Friday 24 Jun
Updated Wednesday 09 Nov 23:29

Stadia

The Club have played at five stadia during the Club's long and illustrious history.

Thames Ironworks FC started life at Hermit Road in Canning Town in 1895 before moving to Browning Road in East Ham in March 1897.

The Memorial Grounds became the Hammers' grand new home in the summer of 1897, spending the next seven seasons at the smart new facility in West Ham before moving to the Boleyn Ground in Upton Park in 1904.  London Stadium became the Hammers' new home in 2016.
 
Hermit Road

Thames Ironworks FC’s first home ground was a far cry from the Club’s modern base at the Boleyn Ground – and an even farther cry from its future home at the Queen Elizabeth Olympic Park in Stratford.

The Old St Luke's ground in Hermit Road, Canning Town was described as a 'cinder heap' and 'barren waste' and was surrounded by a moat and had canvas sheeting for fencing.

The former home of Essex’s first-ever professional football club, Old Castle Swifts FC, Hermit Road was vacated by its former tenants in summer 1895, enabling the newly-formed Thames Ironworks to move in.

Situated less than a mile north of the Thames Ironworks and Shipbuilding Company at the mouth of Bow Creek on the north bank of the River Thames, Hermit Road would play host to the club’s inaugural fixture against Royal Ordnance Factories FC on 7 September 1895, which ended in a 1-1 draw.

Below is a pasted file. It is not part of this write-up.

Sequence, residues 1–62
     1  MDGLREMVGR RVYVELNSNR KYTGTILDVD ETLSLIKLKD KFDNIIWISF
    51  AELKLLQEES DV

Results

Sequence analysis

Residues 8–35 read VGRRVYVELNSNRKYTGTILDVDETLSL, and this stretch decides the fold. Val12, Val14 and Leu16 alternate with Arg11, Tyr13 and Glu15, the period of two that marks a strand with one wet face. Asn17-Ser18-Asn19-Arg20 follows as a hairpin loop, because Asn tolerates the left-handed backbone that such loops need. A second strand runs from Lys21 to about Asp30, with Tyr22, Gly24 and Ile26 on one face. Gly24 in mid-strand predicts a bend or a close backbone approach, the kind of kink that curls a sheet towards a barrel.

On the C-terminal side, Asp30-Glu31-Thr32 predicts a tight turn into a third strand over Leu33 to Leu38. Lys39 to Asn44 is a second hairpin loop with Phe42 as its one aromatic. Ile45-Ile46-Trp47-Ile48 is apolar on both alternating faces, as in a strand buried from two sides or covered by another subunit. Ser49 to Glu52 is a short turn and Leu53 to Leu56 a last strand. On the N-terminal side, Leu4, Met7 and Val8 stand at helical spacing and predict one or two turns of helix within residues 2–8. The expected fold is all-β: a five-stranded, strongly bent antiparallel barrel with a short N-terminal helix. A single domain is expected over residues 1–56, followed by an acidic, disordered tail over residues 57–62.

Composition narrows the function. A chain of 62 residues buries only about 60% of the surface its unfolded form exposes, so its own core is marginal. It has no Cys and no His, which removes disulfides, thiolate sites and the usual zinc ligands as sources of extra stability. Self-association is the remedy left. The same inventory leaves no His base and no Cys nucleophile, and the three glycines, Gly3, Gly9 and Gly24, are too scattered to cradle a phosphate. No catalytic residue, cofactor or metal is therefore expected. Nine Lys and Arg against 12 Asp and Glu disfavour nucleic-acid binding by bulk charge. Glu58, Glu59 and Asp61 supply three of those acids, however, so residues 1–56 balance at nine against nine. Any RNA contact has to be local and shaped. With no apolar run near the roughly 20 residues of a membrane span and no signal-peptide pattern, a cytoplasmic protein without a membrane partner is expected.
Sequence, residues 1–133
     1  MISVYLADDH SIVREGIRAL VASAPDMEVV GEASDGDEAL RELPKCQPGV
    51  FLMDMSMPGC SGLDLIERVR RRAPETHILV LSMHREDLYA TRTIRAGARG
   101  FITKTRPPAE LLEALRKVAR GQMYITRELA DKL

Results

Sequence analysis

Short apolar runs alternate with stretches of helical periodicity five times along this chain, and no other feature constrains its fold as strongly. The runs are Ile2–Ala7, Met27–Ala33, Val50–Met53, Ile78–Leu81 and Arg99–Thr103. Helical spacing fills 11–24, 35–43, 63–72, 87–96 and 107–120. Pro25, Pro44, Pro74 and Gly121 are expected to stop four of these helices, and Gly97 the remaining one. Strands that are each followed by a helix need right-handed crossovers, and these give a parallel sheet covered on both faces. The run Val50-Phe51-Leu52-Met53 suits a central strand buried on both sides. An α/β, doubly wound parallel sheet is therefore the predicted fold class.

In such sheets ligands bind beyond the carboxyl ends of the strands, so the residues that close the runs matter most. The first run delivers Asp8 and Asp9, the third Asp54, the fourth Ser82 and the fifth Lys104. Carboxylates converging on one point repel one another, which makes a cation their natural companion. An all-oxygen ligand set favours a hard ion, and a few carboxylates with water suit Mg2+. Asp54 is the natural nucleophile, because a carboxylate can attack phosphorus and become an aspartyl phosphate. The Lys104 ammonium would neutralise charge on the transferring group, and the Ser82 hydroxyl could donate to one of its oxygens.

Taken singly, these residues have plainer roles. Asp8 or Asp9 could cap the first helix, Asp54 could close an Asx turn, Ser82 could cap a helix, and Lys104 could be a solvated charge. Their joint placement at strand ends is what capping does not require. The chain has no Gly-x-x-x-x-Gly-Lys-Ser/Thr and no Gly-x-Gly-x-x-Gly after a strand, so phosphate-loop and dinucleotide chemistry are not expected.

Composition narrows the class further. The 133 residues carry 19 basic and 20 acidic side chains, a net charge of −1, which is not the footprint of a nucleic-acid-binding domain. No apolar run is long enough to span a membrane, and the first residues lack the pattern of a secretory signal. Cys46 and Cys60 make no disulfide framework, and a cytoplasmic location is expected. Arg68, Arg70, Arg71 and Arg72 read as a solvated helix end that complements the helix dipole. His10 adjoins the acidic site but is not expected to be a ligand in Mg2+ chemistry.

Unfortunately, Hermit Road was not considered suitable for Thames Ironworks’ maiden competitive fixture, an FA Cup first qualifying round tie with Chatham Town on 12 October, and the match was switched to the Kent League club’s own Maidstone Road Ground. Chatham won 5-0.

While Chatham did not want to visit Hermit Road, the same could not be said of Woolwich Arsenal and two-time FA Cup winners West Bromwich Albion, who both visited for special ‘floodlit’ friendly matches in March 1896. For the record, the Ironworks were beaten 5-3 and 4-2 respectively.

Thames Ironworks were admitted to the London League for the 1896/97 season – perhaps no surprise when you learn that Thames Ironworks managing director Arnold Hills was president of the competition.

The Club hosted their first-ever league fixture on 19 September 1896, when Crouch End-based Vampires were vanquished 3-0 thanks to two goals from debutant centre-half EG Hatton and one from ship’s plater and inside forward George Gresham.

Thames Ironworks’ second league match at Hermit Road would also be their last.

On 8 October, they beat 1st Scots Guards 1-0. Later the same month, they were handed an eviction notice by their landlords. The club had violated their tenancy agreement by charging admission fees and building a perimeter fence and pavilion.

Thames Ironworks had to play their next five fixtures away from home, including an 8-0 FA Cup defeat at Sheppey United, until the Club’s management found a new home at Browning Road in East Ham in early 1897.